Third degree heart block, also known as complete heart block, is a disease of the electrical system of the heart, in which the impulse generated in the top half of the heart (typically the SA node in the right atrium) does not propagate to the left or right ventricles.
Due to the blocked rhythm, an accessory pacemaker below the level of the block typically will activate the ventricles. Since this accessory pacemaker activates independently of the impulse generated at the SA node, two independent rhythms can be noted on the electrocardiogram (EKG). One rhythm, generated from the SA node, will activate the atria and create the p wave on the EKG. The second rhythm, generated from the accessory pacemaker, will activate the ventricles and produce the QRS complex on the EKG.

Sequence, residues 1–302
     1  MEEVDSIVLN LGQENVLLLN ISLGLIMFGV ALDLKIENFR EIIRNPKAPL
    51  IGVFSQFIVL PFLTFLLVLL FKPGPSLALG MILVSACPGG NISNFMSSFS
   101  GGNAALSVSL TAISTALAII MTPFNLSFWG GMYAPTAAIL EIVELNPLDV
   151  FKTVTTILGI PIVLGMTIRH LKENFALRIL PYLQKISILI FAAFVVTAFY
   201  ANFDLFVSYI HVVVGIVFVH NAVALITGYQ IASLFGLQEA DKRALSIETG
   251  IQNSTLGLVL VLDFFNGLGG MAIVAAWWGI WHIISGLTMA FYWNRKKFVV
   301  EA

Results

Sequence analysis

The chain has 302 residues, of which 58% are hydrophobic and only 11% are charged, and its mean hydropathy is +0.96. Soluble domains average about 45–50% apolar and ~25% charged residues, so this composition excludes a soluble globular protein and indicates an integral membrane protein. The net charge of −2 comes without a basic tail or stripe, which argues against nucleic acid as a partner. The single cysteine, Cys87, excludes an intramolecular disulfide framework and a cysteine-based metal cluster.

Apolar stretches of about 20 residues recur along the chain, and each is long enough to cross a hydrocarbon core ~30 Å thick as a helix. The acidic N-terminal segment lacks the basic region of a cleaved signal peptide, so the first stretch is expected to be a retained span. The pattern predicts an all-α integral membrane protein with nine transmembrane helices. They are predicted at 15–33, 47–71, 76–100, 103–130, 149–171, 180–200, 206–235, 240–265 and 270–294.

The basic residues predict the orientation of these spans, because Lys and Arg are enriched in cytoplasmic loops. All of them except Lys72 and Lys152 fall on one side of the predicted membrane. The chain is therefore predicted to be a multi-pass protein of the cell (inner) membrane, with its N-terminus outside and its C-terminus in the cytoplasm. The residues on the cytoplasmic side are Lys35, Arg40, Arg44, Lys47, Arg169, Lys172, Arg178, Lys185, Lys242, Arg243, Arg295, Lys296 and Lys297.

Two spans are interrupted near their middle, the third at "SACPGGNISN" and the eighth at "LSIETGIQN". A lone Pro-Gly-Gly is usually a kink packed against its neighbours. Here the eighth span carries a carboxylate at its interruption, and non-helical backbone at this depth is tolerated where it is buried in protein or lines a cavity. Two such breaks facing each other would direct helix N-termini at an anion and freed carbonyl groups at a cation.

The hallmark of complete heart block is no apparent relationship between p waves and QRS complexes on the EKG.
Many conditions can cause third degree heart block. Progressive degeneration of the electrical conduction system of the heart can lead to third degree heart block. This may be preceded by second degree heart block, particularly Mobitz II heart block.
An acute myocardial infarction (heart attack), may also lead to third degree heart block. This may be due to damage to the AV node, preventing impulse propogation distal to that portion of the conduction system, or it may be due to damage of the distal conduction system.
An inferior wall myocardial infarction may cause damage to the AV node, causing third degree heart block. In this case, the damage is usually transitory, and the AV node may recover. Studies have shown that third degree heart block in the setting of an inferior wall myocardial infarction typically resolves within 2 weeks.
An anterior wall myocardial infarction may damage the distal conduction system of the heart, causing third degree heart block. This is typically extensive, permanent damage to the conduction system, necessitating a permanent pacemaker to be placed.
Last updated: 05-03-2005 17:50:55